Number sequences involve rules and finding them can be a bit of a challenge at times! This is our fourth and final section of 11plus Maths quizzes on number sequences. If you haven't played the other three yet, it might be a good idea to go back and do them first. Some of these questions are particularly tricky, so take your time and think carefully before choosing your answer.
You may think that number sequences are not an important part of Maths. The thing with numbers is, the more you are familiar with how they work, the better you'll be in whichever career you choose. Plenty of careers require a solid knowledge of numbers, such as any of the sciences, and if you want a good career then learn your numbers!
Time for the quiz. You may find a pencil & paper handy for these questions. Good luck.














The terms of this sequence are the counting numbers cubed: 1^{3} = 1; 2^{3} = 8; 3^{3} = 27; 4^{3} = 64; 5^{3} = 125 and so on

The next term is got from the previous term by multiplying by 10, e.g. 10 × 10 = 100 and so on


The next term is got from the previous term by adding 3, e.g. 7 + 3 = 4 and so on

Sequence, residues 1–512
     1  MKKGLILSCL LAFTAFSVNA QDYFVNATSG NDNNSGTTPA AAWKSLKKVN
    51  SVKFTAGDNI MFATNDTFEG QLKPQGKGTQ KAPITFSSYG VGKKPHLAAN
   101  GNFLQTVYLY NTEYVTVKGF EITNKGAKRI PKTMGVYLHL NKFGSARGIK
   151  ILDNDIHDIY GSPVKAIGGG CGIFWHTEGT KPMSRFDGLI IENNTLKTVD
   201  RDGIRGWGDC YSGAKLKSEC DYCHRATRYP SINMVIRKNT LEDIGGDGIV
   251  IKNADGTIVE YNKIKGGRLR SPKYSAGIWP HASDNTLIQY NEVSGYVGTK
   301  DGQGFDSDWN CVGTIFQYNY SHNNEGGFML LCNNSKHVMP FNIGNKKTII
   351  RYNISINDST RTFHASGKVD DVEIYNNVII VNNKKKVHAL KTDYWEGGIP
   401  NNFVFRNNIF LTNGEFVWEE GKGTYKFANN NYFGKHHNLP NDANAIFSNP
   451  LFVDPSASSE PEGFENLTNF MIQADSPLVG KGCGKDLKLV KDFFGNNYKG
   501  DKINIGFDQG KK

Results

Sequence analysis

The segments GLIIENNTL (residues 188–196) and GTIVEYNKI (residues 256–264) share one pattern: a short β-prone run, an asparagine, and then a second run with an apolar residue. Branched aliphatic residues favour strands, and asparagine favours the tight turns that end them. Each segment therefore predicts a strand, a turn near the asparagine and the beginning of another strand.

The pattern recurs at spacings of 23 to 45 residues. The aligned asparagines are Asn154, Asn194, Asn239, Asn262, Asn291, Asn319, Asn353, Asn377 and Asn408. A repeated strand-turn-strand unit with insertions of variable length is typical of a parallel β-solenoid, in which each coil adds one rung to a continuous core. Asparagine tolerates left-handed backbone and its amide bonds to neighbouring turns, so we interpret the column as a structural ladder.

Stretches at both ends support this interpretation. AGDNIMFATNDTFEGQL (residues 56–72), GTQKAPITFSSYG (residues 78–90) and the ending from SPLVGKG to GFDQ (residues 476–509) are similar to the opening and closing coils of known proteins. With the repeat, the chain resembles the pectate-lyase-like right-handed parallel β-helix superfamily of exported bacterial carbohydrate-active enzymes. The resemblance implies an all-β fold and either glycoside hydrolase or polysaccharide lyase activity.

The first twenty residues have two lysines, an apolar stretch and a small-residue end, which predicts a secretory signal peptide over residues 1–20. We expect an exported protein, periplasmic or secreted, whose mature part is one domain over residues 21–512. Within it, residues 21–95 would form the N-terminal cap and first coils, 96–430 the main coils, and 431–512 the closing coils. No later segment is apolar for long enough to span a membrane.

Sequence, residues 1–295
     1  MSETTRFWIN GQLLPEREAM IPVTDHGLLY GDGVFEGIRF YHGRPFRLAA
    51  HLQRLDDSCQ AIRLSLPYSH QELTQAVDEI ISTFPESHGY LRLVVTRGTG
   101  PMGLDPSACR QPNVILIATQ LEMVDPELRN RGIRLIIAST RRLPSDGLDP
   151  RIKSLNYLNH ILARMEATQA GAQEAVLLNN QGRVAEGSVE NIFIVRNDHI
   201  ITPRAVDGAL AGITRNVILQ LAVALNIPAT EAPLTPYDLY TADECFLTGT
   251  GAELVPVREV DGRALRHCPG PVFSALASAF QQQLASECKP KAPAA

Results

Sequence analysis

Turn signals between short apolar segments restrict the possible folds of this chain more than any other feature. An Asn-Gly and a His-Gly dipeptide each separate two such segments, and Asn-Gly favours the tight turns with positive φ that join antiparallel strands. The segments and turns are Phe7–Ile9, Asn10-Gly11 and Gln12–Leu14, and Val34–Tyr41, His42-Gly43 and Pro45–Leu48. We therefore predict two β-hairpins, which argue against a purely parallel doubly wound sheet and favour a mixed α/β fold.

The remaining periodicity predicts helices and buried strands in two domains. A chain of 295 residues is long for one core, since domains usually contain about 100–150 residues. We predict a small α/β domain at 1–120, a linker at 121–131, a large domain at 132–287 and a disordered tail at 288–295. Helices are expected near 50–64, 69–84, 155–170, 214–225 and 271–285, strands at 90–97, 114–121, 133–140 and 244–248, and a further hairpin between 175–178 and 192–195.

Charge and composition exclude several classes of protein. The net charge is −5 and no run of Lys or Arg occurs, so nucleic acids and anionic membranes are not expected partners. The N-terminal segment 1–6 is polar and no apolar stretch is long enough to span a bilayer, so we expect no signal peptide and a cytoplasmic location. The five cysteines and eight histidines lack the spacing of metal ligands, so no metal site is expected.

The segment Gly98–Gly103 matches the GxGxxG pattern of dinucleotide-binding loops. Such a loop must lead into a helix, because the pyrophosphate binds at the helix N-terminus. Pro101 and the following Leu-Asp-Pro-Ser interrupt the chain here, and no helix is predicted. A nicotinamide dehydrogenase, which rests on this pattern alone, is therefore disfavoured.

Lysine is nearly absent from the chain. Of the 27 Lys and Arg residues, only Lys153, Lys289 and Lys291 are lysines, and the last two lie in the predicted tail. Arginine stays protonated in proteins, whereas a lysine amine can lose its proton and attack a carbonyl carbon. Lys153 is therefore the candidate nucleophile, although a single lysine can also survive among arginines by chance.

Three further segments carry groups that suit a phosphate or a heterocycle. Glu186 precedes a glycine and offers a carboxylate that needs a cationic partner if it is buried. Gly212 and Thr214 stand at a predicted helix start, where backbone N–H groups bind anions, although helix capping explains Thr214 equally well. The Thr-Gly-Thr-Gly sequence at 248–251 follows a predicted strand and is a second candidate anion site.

The next term is got from the previous term by adding 16, e.g. 79 + 16 = 95 and so on


The next term is got from the previous term by adding 13, e.g. 39 + 13 = 52 and so on

The next term is got from the previous term by adding 4, e.g. 3 + 4 = 7 and so on


The rule for the n^{th} term = n^{3}  n^{2}. Put in the values of 1, 2, 3, 4, ... in turn and see for yourself how the sequence is produced

The next term is got from the previous term by adding 7, e.g. 4 + 7 = 3 and so on


The next term is got from the previous term by adding 6, e.g. 17 + 6 = 11 and so on

This is the famous Fibonacci sequence. Each term is formed by the sum of the previous TWO terms: 1 + 1 = 2, 1 + 2 = 3, 2 + 3 = 5, 3 + 5 = 8, 5 + 8 = 13 and so on